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  • 1.
    Sjöström, Rita
    et al.
    Umeå Universitet; Östersund sjukhus.
    Söderström, Lars
    Östersunds sjukhus.
    Klockmo, Carolina
    Kommunförbundet Västernorrland.
    Patrician, Alexander
    Mid Sweden University, Faculty of Human Sciences, Department of Health Sciences.
    Sandström, Thomas
    Umeå Universitet.
    Björklund, Glenn
    Mid Sweden University, Faculty of Human Sciences, Department of Health Sciences.
    Hanstock, Helen
    Mid Sweden University, Faculty of Human Sciences, Department of Health Sciences.
    Stenfors, Nikolai
    Umeå Universitet.
    Qualitative identification and characterisation of self-reported symptoms arising in humans during experimental exposure to cold air2019In: International Journal of Circumpolar Health, ISSN 2242-3982, E-ISSN 2242-3982, Vol. 78, no 1, article id 1583528Article in journal (Refereed)
    Abstract [en]

    Background: Exposure to cold air is associated with increased morbidity and mortality in the general population. It is difficult to study the effects of whole-body exposure to cold air under controlled conditions in real life. Objectives: The aim of this study was to (1) explore and describe the experience of symptoms in humans during experimental and controlled exposures to cold air, by using controlled environmental chamber exposures and qualitative methodology, and to (2) categorise the symptoms. Method: The study used a randomised, double blind design, in which 34 subjects undertook rest and moderate-intensity exercise in an environmental chamber set to two or three different temperatures (0, −10, and −17°C) on separate occasions. During the chamber exposures, subjects were interviewed. Qualitative content analysis was selected as the method of analysis. Findings: Subjects reported 50 distinct symptoms during the exposures. The symptoms were grouped into ten sub-categories and two major categories; airway versus whole-body symptoms. Conclusion: We have identified a broad range of symptoms in humans undertaking rest and moderate-intensity exercise at sub-zero temperatures. The symptoms and their categories may well be used to more extensively and quantitatively map cold-induced morbidity.

  • 2.
    Zetterström Dahlqvist, Heléne
    et al.
    Mid Sweden University, Faculty of Human Sciences, Department of Health Sciences.
    Landstedt, Evelina
    Mid Sweden University, Faculty of Human Sciences, Department of Health Sciences.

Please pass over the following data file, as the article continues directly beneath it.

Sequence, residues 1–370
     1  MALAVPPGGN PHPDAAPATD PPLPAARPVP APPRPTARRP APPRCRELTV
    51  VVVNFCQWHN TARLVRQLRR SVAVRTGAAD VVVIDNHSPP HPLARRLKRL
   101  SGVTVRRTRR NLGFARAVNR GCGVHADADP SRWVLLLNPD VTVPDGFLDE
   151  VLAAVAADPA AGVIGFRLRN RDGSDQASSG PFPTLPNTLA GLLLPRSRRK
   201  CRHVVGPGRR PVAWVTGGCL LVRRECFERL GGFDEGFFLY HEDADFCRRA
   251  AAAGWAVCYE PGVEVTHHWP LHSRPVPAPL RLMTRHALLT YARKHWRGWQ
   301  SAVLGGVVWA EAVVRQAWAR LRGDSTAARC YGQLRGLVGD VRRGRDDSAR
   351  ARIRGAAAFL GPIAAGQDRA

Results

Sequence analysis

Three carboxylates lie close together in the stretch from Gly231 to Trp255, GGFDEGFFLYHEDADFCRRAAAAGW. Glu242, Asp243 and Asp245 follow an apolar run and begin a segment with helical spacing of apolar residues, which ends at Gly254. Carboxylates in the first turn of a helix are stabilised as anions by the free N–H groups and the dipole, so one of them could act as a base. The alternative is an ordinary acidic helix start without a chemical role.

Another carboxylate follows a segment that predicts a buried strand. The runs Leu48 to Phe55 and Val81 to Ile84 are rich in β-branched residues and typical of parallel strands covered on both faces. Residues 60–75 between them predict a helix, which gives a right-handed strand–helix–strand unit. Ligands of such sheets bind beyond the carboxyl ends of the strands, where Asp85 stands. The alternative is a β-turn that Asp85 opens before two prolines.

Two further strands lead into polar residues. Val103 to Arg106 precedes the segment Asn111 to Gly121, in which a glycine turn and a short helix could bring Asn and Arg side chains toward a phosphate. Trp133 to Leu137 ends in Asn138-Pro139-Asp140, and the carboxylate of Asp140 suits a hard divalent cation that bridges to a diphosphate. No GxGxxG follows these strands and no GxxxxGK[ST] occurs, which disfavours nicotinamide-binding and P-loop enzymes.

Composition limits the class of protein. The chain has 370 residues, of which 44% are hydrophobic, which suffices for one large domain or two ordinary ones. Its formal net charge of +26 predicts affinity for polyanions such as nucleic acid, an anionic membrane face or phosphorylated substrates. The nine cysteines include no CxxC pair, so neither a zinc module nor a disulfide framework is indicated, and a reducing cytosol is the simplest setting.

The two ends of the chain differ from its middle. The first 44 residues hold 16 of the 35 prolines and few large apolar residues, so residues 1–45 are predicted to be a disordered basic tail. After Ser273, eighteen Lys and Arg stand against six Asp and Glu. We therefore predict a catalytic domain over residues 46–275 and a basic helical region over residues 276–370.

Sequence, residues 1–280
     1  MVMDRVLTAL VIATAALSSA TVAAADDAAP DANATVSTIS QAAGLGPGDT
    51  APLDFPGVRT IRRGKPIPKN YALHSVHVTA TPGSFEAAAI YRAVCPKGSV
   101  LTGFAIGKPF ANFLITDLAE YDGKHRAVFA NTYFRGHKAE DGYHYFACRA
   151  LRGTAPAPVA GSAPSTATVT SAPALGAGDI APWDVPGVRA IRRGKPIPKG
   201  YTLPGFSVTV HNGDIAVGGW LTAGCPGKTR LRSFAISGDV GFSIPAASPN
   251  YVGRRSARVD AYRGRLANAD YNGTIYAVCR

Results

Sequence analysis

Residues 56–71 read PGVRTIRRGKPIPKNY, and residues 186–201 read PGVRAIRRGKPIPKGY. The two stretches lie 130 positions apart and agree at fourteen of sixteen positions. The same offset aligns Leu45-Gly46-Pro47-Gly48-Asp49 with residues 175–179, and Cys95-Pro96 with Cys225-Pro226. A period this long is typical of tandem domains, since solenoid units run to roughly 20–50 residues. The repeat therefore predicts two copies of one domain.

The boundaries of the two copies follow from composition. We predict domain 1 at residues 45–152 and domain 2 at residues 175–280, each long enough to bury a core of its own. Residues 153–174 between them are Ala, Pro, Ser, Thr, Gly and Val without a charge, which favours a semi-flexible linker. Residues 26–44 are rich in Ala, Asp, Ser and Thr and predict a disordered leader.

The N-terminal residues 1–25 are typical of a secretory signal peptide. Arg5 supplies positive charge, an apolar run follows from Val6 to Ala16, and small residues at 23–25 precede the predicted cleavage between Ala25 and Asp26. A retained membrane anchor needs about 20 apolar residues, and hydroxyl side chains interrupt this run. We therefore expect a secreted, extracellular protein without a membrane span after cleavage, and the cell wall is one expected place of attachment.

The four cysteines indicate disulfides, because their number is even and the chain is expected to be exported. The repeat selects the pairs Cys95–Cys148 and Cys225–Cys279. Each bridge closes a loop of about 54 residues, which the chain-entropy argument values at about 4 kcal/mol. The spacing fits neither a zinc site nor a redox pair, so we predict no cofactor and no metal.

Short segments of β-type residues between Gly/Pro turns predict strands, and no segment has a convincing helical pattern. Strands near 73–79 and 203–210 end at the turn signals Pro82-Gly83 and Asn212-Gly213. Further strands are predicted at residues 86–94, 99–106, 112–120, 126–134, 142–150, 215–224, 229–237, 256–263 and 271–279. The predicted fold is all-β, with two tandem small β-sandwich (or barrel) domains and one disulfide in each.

Gillander Gådin, Katja
    Mid Sweden University, Faculty of Human Sciences, Department of Health Sciences.
    What students do schools allocate to a cognitive-behavioural intervention?: Characteristics of adolescent participants in Northern Sweden2015In: International Journal of Circumpolar Health, ISSN 2242-3982, E-ISSN 2242-3982, Vol. 74, p. 29805-Article in journal (Refereed)
    Abstract [en]

    Background. Adolescents are a vulnerable group when it comes to the risk of developing depression. Preventing the onset of depressive episodes in this group is therefore a major public health priority. In the last decades, school-based cognitive-behavioural interventions have been a common primary prevention approach. However, evidence on what girls actually are allocated to such interventions when no researchers are involved is scarce.

    Objective. To explore how a selective cognitive-behavioural program (Depression In Swedish Adolescents) developed to prevent depression in adolescents, was implemented in a naturalistic setting in schools in northern part of Sweden. The focus was on characteristics of participants allocated to the intervention.

    Design. Cross-sectional baseline data on depressive symptoms, school environment and socio-economic factors were collected in 2011 by means of questionnaires in schools in a municipality in the northern part of Sweden. Intervention participants were identified in a follow-up questionnaire in 2012. Students (n=288) included in the analyses were in the ages of 14–15.

    Results. Sixty-six girls and no boys were identified as intervention participants. They reported higher levels of depressive symptoms, lower personal relative affluence, more sexual harassment victimization and less peer support compared to female non-participants (n=222). Intervention participants were more likely to attend schools with a higher proportion of low parental education levels and a lower proportion of students graduating with a diploma.

    Conclusions. The developers of the intervention originally intended the program to be universal or selective, but it was implemented as targeted in these schools. It is important for school administrations to adhere to program fidelity when it comes to what students it is aimed for. Implications for effectivenss trials of cognitive-behavioural interventions in the school setting is discussed.

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